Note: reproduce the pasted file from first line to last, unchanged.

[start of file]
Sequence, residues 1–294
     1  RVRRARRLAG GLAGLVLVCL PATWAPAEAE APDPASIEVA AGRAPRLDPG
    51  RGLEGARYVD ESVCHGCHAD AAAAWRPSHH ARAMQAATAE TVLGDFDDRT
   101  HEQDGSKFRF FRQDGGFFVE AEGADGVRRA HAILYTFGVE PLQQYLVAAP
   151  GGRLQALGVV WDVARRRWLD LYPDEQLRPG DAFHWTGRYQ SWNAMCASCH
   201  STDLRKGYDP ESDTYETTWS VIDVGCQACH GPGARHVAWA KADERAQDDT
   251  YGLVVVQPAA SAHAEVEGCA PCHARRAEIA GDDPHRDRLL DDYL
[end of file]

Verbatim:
Sequence, residues 1–294
     1  RVRRARRLAG GLAGLVLVCL PATWAPAEAE APDPASIEVA AGRAPRLDPG
    51  RGLEGARYVD ESVCHGCHAD AAAAWRPSHH ARAMQAATAE TVLGDFDDRT
   101  HEQDGSKFRF FRQDGGFFVE AEGADGVRRA HAILYTFGVE PLQQYLVAAP
   151  GGRLQALGVV WDVARRRWLD LYPDEQLRPG DAFHWTGRYQ SWNAMCASCH
   201  STDLRKGYDP ESDTYETTWS VIDVGCQACH GPGARHVAWA KADERAQDDT
   251  YGLVVVQPAA SAHAEVEGCA PCHARRAEIA GDDPHRDRLL DDYL